One Reason U.S. Productivity Growth Has Slowed, and What to Do About It

By in ,
One Reason U.S. Productivity Growth Has Slowed, and What to Do About It

Economists have struggled over the last decade to attribute and explain the dramatic slowing of U.S. productivity growth. Since 2005, U.S. labor productivity growth (growth of measured output minus the growth of labor input) has been effectively sawed in half. As one of the few real indicators of economic vitality, understanding this phenomena is anything but an academic exercise.

Most economic models take into account the pure arithmetic cost of the labor component without factoring in the actual effort being expended. In other words, even at identical rates of pay, there is a huge delta between what people can contribute when they really want to versus the bare minimum effort required to keep one’s job. Or, as former Continental Airlines CEO, Gordon Bethune once described his pre-CEO days as an aircraft mechanic, “Do you know how much faster I can fix that plane when I want to than when I don’t?”

Employee engagement surveys performed over the last decade suggest an abysmally low (less than 33%) rate of workers who approach their jobs at full throttle. The remainder are “disengaged” to varying degrees, including about 18% who are “actively disengaged”, meaning that they are deliberately throwing sand into the gears of commerce. The cost of this disengagement has been estimated at $550 billion, or about 3% of our $18 trillion economy.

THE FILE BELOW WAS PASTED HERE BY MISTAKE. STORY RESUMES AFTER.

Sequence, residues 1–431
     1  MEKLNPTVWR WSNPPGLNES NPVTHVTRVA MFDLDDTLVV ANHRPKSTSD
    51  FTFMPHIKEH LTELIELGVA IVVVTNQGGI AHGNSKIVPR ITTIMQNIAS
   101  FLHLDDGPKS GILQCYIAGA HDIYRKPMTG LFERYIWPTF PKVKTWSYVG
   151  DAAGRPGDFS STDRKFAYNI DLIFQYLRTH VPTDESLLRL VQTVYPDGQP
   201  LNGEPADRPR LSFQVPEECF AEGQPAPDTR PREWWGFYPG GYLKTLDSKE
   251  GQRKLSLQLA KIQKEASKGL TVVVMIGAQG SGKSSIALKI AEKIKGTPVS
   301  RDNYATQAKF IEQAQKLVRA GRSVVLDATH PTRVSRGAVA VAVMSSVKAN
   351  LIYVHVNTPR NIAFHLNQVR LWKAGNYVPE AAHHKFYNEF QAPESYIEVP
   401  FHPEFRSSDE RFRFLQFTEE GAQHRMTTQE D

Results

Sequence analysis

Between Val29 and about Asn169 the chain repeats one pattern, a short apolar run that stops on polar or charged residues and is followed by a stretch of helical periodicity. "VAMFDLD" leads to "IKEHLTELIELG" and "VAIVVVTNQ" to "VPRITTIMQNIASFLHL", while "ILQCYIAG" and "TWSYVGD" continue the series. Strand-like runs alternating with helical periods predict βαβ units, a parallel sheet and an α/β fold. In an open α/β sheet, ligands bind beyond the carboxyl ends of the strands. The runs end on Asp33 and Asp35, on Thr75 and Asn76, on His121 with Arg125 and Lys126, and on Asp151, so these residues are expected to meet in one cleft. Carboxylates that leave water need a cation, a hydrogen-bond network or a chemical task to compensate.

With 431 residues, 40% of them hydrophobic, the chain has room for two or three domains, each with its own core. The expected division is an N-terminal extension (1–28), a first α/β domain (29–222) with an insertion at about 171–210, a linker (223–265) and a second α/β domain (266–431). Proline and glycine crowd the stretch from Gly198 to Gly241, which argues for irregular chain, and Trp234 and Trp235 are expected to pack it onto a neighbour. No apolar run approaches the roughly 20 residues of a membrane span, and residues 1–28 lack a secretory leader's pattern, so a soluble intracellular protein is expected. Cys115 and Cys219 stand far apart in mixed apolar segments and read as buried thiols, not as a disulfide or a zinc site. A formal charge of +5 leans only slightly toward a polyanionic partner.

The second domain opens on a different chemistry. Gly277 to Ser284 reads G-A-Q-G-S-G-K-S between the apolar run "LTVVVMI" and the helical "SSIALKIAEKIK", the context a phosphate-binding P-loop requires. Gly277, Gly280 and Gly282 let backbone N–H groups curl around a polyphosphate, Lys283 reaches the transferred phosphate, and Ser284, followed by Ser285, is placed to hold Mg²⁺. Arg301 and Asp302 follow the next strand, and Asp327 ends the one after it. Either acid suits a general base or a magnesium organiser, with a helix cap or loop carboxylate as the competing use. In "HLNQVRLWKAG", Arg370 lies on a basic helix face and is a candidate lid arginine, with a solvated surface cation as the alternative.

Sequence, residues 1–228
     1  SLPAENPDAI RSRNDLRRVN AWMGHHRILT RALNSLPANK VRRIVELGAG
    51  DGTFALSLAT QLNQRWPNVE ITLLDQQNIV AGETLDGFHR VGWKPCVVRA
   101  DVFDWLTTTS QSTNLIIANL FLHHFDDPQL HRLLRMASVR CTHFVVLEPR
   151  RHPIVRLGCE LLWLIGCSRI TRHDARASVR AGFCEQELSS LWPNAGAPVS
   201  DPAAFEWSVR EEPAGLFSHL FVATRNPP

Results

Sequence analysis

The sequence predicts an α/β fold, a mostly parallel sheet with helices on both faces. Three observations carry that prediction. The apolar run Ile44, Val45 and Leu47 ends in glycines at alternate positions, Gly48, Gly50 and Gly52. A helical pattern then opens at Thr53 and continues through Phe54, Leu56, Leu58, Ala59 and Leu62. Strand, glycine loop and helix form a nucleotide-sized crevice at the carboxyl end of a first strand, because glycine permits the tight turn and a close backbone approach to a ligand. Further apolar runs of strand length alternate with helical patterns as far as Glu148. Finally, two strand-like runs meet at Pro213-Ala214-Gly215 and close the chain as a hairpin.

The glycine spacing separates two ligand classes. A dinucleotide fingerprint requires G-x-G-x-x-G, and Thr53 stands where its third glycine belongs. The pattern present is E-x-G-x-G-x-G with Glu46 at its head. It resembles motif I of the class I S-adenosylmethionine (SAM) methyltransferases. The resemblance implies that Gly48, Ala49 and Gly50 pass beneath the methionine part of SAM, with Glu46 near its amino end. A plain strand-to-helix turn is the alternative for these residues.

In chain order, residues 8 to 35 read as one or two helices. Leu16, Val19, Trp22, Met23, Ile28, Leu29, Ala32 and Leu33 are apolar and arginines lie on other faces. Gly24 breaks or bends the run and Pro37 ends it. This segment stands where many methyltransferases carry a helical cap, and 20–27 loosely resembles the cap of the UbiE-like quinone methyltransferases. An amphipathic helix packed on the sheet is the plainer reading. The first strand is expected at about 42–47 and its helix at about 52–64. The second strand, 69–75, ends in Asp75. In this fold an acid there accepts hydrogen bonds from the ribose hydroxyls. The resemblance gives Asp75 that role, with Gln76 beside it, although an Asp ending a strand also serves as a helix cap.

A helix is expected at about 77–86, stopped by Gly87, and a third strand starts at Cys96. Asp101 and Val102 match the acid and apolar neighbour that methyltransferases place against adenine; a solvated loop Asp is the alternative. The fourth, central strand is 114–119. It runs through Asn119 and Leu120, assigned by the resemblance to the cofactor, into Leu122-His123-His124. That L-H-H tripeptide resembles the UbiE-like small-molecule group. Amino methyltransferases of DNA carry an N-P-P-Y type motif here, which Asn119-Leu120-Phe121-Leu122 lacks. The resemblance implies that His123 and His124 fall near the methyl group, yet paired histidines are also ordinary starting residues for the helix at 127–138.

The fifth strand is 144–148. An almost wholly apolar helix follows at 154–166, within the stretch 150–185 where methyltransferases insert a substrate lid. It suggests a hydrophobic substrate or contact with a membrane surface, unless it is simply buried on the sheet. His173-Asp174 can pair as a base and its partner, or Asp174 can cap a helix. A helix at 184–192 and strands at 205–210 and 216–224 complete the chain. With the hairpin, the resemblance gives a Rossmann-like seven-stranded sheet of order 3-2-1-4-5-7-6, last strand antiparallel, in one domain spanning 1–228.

At a minimum, wise leaders are doing the following things:

  1. Asking workers daily what things impede their ability (and willingness) to do their very best work. They listen intently and once told, they act. They find and and fix the broken policies, methods, equipment, et. al.
  2. They are absolute zealots about using leadership skills as one of the must have credentials for anyone entering a management job, and are equally committed to strengthening the leadership bench via coaching, leadership performance metrics, and developmental assignments.
  3. They exercise the courage to differentiate pay based on performance, and on the premise that A-players don’t like to work with turkeys, they actively de-select those whose best effort is either not apparent or not good enough.
book richard or bill to speak for your meeting
Leave a reply

This site uses Akismet to reduce spam. Learn how your comment data is processed.